April 19, 2016

Jeff Shantz

The Chicago Blackhawks drafted Jeff Shantz 36th overall in 1992, they had visions of grooming him into the Brent Sutter's replacement.

In other words, they envisioned Shantz becoming a smart, two way center capable of playing heavy minutes defensively while chipping in with timely offense on a regular basis.

Shantz was a smooth skater with good vision, but his offense was modest, to say the least.  He didn't have a quick release or a lot of creativity with the puck, but he was a gritty but clean player. He hit hard and worked harder, especially on the forecheck and the dump and chase. He was legitimately tough but, at his size, not intimidating.

Chicago had a lot of depth down the middle at the time, which was both a blessing and a curse for Shantz. It was a blessing because he was allowed to develop at his own pace while the likes of Jeremy Roenick and Bernie Nicholls handled the heavy offensive load. But it was a curse as Shantz never got a lot of quality offensive ice time.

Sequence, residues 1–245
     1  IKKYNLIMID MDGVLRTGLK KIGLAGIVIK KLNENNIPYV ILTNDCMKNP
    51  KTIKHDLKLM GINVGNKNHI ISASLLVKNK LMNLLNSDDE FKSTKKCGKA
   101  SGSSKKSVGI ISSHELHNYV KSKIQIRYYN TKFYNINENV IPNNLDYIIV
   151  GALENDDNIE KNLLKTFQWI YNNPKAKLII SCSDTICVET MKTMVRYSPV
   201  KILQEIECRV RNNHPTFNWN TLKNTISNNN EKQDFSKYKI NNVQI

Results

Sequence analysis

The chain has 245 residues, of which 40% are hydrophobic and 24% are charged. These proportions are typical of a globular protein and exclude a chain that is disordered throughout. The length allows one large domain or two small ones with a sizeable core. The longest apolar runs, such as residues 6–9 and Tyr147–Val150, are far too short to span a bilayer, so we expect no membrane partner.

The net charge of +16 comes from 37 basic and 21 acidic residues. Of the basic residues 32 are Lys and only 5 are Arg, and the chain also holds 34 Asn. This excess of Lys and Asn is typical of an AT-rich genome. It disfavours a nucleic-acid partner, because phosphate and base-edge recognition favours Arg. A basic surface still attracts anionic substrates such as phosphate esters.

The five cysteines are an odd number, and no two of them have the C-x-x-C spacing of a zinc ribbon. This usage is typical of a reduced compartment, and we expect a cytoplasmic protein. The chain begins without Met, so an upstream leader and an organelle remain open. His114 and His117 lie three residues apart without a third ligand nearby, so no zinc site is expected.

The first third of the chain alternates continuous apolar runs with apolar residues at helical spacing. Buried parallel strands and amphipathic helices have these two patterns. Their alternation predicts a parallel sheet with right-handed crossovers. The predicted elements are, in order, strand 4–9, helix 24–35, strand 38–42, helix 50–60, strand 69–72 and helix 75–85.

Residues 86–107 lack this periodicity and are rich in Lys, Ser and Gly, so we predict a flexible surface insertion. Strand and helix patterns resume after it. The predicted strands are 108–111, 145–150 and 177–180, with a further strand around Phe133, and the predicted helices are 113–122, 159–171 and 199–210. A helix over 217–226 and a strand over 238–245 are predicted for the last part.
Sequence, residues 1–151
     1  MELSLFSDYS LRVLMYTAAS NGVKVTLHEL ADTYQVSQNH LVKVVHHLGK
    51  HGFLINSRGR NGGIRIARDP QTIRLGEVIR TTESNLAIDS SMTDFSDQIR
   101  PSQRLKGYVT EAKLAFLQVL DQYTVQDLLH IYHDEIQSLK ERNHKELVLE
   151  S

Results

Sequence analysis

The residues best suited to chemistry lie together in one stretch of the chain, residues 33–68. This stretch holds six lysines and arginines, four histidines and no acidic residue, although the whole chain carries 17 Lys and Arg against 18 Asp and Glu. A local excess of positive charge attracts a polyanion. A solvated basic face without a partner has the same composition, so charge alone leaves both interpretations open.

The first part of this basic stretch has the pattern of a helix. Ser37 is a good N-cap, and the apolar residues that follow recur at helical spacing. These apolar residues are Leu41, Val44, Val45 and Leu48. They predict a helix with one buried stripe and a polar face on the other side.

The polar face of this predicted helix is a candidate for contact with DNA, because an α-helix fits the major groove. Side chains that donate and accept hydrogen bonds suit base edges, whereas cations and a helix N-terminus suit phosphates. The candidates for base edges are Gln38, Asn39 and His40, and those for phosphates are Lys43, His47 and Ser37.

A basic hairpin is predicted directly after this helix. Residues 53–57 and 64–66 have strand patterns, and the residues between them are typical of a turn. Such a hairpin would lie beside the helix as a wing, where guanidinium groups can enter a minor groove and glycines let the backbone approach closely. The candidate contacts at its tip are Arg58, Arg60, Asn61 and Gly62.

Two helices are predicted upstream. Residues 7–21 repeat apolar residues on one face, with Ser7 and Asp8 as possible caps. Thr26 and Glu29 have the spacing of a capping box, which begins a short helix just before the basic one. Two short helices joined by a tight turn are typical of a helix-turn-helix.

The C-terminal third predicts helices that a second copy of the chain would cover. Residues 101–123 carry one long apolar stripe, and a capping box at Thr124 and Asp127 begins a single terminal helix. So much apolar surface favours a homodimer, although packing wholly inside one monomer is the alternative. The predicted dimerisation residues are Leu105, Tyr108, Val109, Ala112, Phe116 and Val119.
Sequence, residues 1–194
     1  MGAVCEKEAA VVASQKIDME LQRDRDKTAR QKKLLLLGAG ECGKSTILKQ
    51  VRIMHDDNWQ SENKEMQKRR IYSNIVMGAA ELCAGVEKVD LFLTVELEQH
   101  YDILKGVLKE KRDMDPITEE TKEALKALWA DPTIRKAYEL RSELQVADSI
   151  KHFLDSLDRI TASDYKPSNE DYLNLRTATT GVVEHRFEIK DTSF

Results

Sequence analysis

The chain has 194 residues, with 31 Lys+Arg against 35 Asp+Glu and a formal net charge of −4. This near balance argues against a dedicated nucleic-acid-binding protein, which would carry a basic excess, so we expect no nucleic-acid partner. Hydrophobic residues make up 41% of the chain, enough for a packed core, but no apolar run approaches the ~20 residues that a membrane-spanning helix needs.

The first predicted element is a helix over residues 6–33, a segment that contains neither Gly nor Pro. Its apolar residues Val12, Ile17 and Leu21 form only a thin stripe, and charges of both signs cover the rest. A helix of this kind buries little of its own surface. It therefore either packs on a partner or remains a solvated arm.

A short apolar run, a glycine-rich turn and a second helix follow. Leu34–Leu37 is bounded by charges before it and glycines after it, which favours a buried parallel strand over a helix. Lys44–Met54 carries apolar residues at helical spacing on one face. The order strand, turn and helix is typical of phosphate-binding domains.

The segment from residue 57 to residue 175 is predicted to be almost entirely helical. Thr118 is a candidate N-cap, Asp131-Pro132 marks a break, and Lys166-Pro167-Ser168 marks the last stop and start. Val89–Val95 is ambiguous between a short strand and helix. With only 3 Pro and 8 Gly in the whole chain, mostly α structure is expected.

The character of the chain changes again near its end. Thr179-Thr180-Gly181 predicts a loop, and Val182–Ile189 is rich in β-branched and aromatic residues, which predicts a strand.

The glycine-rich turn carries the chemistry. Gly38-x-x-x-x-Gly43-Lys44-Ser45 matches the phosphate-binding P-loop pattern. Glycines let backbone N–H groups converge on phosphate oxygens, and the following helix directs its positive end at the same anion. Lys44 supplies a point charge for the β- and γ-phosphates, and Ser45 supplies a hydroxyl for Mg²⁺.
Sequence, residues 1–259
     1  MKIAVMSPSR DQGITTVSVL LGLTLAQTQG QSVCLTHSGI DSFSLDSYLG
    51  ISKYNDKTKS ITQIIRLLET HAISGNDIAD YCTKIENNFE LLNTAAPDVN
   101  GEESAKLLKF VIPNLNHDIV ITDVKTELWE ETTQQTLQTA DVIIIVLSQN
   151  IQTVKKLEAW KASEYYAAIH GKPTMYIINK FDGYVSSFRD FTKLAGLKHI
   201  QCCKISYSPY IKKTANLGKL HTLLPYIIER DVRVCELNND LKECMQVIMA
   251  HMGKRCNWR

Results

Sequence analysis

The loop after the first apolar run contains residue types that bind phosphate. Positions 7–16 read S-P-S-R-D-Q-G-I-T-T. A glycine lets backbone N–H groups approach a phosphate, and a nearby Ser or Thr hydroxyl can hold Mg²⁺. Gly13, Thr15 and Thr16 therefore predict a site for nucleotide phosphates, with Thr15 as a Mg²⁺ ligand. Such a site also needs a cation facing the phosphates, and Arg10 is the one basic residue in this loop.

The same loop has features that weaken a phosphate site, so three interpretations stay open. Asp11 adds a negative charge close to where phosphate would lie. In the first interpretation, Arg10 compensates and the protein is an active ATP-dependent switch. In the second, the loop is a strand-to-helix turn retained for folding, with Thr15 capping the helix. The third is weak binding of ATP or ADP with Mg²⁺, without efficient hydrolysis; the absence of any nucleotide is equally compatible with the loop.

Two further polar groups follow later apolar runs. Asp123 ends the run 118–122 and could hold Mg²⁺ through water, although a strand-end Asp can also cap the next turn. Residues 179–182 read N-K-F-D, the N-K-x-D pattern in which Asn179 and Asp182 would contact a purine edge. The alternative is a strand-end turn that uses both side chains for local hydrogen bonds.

And therein lied Shantz's ultimate fate. He was billed as a reliable two-way player but never developed enough of an offensive game to keep him in the lineup long term. He became a one-way, defensive center, and those types of journeymen players usually live life on the bubble.

Early in his sixth season in Chicago he was traded to Calgary with Steve Dubinsky for Jamie Allison, Erik Andersson and Marty McInnis.

After more of the same in four seasons with the Flames he was traded to Colorado with Dean McAmmond and Derek Morris for Chris Drury and Stephane Yelle in 2002.

Shantz lasted only a season in Colorado before his contract expired. With just three goals in 74 games NHL interest seemed to be waning for the services of the now-grizzled veteran. Shantz extended his career by spending nearly a decade playing in Germany, Switzerland and Austria.

In retirement Shantz returned to his native Alberta and got involved in the energy sector while providing hockey training to elite athletes in Calgary.

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